FACTS: Petitioner initiated a complaint against Elizabeth Catu and Antonio Pastor who were occupying one of the units in a building in Malate which was owned by the former. The said complaint was filed in the Lupong Tagapamayapa of Barangay 723, Zone 79 of the 5th District of Manila where respondent was the punong barangay. The parties, having been summoned for conciliation proceedings and failing to arrive at an amicable settlement, were issued by the respondent a certification for the filing of the appropriate action in court. Petitioner, thus, filed a complaint for ejectment against Elizabeth and Pastor in the Metropolitan Trial Court of Manila where respondent entered his appearance as counsel for the defendants. Because of this, petitioner filed the instant administrative complaint against the respondent on the ground that he committed an act of impropriety as a lawyer and as a public officer when he stood as counsel for the defendants despite the fact that he presided over the conciliation proceedings between the litigants as punong barangay. In his defense, respondent claimed that as punong barangay, he performed his task without bias and that he acceded to Elizabeth’s request to handle the case for free as she was financially distressed. The complaint was then referred to the Integrated Bar of the Philippines (IBP) where after evaluation, they found sufficient ground to discipline respondent. According to them, respondent violated Rule 6.03 of the Code of Professional Responsibility and, as an elective official, the prohibition under Section 7(b) (2) of RA 6713. Consequently, for the violation of the latter prohibition, respondent committed a breach of Canon 1. Consequently, for the violation of the latter prohibition, respondent was then recommended suspension from the practice of law for one month with a stern warning that the commission of the same or similar act will be dealt with more severely.
ISSUE: Whether or not the foregoing findings regarding the transgression of respondent as well as the recommendation on the imposable penalty of the respondent were proper.
HELD: No. First, respondent cannot be found liable for violation of Rule 6.03 the Code of Professional Responsibility as this applies only to a lawyer who has left government service and in connection to former government lawyers who are prohibited from accepting employment in connection with any matter in which [they] had intervened while in their service. In the case at bar, respondent was an incumbent punong barangay. Apparently, he does not fall within the purview of the said provision.
Second, it is not Section 90 of RA 7160 but Section 7(b) (2) of RA 6713 which governs the practice of profession of elective local government officials. While RA 6713 generally applies to all public officials and employees, RA 7160, being a special law, constitutes an exception to RA 6713 .Moreover, while under RA 7160,certain local elective officials (like governors, mayors, provincial board members and councilors) are expressly subjected to a total or partial proscription to practice their profession or engage in any occupation, no such interdiction is made on the punong barangay and the members of the sangguniang barangay. Expressio unius est exclusio alterius since they are excluded from any prohibition, the presumption is that they are allowed to practice their profession. Respondent, therefore, is not forbidden to practice his profession.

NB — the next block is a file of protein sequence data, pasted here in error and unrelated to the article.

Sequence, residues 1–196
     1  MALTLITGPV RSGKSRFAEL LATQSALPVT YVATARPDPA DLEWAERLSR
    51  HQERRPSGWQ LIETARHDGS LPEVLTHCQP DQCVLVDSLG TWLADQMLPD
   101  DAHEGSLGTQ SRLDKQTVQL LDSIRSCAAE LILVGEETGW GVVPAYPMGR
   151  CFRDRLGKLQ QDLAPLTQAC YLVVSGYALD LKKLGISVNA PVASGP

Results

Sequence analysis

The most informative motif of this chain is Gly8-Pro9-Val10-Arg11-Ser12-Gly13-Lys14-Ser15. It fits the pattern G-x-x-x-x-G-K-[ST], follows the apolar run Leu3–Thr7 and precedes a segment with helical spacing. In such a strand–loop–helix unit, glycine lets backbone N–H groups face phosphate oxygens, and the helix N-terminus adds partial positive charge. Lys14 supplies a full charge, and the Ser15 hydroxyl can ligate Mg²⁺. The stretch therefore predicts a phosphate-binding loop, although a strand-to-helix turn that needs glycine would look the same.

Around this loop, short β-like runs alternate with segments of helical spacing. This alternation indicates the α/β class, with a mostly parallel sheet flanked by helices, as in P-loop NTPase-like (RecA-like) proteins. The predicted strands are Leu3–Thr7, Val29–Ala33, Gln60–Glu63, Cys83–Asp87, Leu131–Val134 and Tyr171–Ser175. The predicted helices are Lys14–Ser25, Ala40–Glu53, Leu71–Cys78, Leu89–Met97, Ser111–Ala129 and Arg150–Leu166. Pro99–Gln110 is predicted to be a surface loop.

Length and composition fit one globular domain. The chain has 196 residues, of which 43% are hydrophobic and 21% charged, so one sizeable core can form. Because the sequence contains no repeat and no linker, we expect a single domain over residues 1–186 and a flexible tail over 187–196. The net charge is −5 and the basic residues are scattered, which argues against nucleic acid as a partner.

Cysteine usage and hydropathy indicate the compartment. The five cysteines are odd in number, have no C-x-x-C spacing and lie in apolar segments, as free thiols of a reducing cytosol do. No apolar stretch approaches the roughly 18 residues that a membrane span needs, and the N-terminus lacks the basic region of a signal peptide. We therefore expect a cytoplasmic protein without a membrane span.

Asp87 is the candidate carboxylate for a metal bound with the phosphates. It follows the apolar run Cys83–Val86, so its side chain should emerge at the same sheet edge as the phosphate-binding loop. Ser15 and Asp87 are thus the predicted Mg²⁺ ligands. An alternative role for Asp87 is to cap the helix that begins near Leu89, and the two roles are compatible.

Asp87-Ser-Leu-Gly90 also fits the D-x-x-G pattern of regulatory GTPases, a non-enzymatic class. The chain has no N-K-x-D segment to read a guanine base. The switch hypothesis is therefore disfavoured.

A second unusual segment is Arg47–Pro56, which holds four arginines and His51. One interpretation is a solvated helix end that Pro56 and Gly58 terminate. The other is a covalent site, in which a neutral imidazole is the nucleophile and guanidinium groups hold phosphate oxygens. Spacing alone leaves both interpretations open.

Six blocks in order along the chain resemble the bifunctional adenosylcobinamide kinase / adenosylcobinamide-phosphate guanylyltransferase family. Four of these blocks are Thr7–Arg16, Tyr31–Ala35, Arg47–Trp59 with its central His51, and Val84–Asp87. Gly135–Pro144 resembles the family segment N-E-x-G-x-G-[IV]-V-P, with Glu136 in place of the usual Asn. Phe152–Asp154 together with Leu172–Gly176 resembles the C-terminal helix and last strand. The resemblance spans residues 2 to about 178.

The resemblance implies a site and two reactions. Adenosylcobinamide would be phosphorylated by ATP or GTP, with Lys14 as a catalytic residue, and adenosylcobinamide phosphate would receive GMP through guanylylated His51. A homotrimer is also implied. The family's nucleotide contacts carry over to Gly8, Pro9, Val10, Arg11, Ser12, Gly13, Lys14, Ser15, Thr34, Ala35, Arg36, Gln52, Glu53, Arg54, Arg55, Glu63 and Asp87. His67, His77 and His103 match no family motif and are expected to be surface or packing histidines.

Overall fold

Third, notwithstanding all of these, respondent still should have procured a prior permission or authorization from the head of his Department, as required by civil service regulations. The failure of respondent to comply with Section 12, Rule XVIII of the Revised Civil Service Rules constitutes a violation of his oath as a lawyer: to obey the laws. In acting as counsel for a party without first securing the required written permission, respondent not only engaged in the unauthorized practice of law but also violated a civil service rules which is a breach of Rule 1.01 of the Code of Professional Responsibility:
- Rule 1.01 - A lawyer shall not engage in unlawful, dishonest, immoral or deceitful conduct.
For not living up to his oath as well as for not complying with the exacting ethical standards of the legal profession, respondent failed to comply with Canon 7 of the Code of Professional Responsibility:
- CANON 7. A LAWYER SHALL AT ALL TIMES UPHOLD THE INTEGRITY AND THE DIGNITY OF THE LEGAL PROFESSION AND SUPPORT THE ACTIVITIES OF THE INTEGRATED BAR.
A lawyer who disobeys the law disrespects it. In so doing, he disregards legal ethics and disgraces the dignity of the legal profession. Every lawyer should act and comport himself in a manner that promotes public confidence in the integrity of the legal profession. A member of the bar may be disbarred or suspended from his office as an attorney for violation of the lawyer's oath and/or for breach of the ethics of the legal profession as embodied in the Code of Professional Responsibility.
WHEREFORE, respondent Atty. Vicente G. Rellosa is hereby found GUILTY of professional misconduct for violating his oath as a lawyer and Canons 1 and 7 and Rule 1.01 of the Code of Professional Responsibility. He is therefore SUSPENDED from the practice of law for a period of six months effective from his receipt of this resolution. He is sternly WARNED that any repetition of similar acts shall be dealt with more severely.
Respondent is strongly advised to look up and take to heart the meaning of the word delicadeza.